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Solar DHW + Space: System Controls

This section covers all of the controls for the system. 

 

The controls are very simple, consisting of one control to basically start the circulation from the tank through the collector when the sun is out, and and two controls to turn on the space heating when the house is cold AND the tank is hot.  That's all there is.

 

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Controls

A Steca differential controller is used to control the collector pump.  The controller uses a temperature sensor mounted in the collector and a temperature sensor mounted in the tank near the bottom.  When the collector temperature goes above the tank temperature by an amount that you can set, the controller turns the pump on and circulates water through the collector to heat the tank.  When the collector temperature drops below the tank temperature, the controller turns the pump off.

This controller also has a tank overheat feature that allows you to limit the maximum temperature of the tank water to a value that you set.  I use this feature to limit the storage tank temperature to 140F -- this insures a long an happy life for the EPDM liner, HDPE pipe coil, and the pump -- its an important feature.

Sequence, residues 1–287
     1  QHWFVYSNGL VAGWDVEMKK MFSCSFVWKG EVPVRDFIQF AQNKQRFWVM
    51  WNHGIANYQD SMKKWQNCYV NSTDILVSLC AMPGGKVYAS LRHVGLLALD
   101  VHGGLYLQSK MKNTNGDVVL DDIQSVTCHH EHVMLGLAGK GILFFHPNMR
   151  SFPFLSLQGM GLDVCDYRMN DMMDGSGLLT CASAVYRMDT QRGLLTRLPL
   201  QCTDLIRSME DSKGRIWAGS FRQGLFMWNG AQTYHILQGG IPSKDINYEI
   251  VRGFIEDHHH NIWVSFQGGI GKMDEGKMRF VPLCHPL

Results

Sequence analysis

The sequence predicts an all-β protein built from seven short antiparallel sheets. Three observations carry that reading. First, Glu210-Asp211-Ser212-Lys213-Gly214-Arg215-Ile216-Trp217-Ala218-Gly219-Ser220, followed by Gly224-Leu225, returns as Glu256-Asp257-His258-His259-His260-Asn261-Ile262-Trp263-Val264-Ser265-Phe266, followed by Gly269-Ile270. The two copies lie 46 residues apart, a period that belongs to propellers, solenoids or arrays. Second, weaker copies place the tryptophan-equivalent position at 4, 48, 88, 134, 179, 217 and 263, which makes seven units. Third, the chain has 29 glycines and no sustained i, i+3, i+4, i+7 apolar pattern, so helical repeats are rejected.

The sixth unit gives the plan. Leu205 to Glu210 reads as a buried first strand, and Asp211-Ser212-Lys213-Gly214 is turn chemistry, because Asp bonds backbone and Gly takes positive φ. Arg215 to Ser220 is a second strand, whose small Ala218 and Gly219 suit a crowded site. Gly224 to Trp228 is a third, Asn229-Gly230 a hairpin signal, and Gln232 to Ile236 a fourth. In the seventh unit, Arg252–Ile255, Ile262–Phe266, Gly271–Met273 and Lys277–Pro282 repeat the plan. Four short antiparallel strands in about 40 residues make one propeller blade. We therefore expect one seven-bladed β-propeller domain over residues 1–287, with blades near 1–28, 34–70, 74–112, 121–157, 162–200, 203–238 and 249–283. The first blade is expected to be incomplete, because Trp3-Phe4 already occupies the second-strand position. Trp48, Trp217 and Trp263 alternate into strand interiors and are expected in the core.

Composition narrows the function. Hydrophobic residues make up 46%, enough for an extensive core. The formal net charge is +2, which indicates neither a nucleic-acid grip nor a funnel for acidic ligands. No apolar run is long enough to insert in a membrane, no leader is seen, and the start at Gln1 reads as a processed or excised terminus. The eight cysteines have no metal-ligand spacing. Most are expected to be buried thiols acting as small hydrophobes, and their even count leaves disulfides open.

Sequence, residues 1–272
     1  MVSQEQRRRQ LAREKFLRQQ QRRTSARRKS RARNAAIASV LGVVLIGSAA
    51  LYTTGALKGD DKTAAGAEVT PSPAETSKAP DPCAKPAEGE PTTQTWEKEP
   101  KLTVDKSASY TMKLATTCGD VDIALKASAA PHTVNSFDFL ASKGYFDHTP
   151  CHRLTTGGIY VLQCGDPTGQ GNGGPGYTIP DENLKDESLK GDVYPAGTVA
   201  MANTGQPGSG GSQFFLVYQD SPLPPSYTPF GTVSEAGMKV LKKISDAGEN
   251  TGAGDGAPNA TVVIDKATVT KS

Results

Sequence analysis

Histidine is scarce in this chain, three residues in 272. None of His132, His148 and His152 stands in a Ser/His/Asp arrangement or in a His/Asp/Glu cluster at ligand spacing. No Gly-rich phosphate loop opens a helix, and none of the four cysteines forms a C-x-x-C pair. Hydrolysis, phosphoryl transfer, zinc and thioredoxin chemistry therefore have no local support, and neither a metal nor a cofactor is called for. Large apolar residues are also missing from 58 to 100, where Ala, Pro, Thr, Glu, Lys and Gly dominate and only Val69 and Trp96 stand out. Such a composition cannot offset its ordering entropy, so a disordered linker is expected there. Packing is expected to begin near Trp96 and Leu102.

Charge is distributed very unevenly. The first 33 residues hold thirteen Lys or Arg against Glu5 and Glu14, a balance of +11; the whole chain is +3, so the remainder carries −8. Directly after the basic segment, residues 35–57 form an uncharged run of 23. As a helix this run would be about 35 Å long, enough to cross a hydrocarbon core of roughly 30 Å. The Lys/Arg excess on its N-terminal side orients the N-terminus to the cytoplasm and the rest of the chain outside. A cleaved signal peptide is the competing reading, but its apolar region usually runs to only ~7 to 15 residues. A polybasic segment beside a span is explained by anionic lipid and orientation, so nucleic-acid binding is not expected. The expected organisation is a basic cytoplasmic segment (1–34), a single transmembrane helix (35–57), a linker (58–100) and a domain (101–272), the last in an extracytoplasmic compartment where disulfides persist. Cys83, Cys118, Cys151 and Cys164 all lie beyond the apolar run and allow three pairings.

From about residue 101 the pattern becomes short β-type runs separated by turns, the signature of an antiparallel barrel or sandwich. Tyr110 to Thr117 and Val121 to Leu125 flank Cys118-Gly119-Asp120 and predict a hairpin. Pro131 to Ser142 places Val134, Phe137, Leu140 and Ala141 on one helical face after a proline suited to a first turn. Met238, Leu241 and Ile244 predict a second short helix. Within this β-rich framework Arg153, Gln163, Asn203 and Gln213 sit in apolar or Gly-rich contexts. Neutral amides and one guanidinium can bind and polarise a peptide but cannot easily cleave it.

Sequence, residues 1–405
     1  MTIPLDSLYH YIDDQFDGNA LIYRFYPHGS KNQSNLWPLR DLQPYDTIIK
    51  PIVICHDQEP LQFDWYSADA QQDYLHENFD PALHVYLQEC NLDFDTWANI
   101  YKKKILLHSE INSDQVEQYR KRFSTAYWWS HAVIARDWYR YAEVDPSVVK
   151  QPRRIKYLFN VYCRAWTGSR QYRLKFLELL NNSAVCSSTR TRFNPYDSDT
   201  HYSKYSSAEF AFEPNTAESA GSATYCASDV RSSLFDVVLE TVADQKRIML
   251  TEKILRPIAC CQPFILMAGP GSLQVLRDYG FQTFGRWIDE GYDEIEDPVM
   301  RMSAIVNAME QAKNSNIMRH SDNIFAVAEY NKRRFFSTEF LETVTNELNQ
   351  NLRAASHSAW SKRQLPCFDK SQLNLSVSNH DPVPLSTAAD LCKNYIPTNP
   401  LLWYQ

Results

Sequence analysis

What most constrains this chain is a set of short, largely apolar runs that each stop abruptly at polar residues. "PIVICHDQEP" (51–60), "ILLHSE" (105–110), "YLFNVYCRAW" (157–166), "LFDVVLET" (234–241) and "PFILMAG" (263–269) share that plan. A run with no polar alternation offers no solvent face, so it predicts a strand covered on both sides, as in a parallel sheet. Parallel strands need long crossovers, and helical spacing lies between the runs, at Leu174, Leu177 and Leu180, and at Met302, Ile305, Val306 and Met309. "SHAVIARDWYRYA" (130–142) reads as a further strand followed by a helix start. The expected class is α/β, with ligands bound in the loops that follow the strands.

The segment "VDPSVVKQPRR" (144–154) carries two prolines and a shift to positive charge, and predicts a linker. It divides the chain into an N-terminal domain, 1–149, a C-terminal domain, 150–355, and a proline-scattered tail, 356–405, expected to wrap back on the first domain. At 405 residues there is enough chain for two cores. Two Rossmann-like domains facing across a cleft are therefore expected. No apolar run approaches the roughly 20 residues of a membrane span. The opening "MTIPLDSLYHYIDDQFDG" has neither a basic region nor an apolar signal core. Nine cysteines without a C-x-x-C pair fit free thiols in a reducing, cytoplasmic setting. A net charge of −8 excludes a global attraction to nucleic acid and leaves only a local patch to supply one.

The Steca differential controller on top
controls the collector pump operation.
Its display shows storage temperature,
collector temperature, and when the
pump is operating.
The lower unit is the remote control
for the Tagaki tankless water heater.
It will display inlet and outlet temperature,
as well as flow rate.


Wiring the Steca differential controller.
The two orange wires go to the
temperature sensors -- this is all
you have to hook up.
The wiring for these can be two conductor
18 gage, but I did not have anything
that light around, and used
heavier wire.
 

 

The wiring is very simple. 

Install the temperature sensor in the collector.

 

Install the temperature sensor in the tank (look for one that can just be immersed right in the water).

 

Hook the two temperature sensors up to the differential controller.

 

Plug the pump into the controller (it probably has a 120VAC outlet for this).

 

Plug the controller into a wall outlet.

 

That's all there is to it.

 

 

A Problem with the Steca Controller

I have replaced the Steca controller with another brand after having two failures. 

The failure is that the controller will run the pump all the time.  Even when the display indicates that the pump is turned off, the controller continues to run the pump.  I've tried all the usual remedies as in checking switch positions, cycling power, ... to no avail.   I believe that the relay that turns the pump on has stuck on.

The first unit was replaced under warrantee, and the replacement worked for about another month or two and failed in exactly the same way.  While they likely would have been willing to replace the unit again, I decided that I would just change to another brand.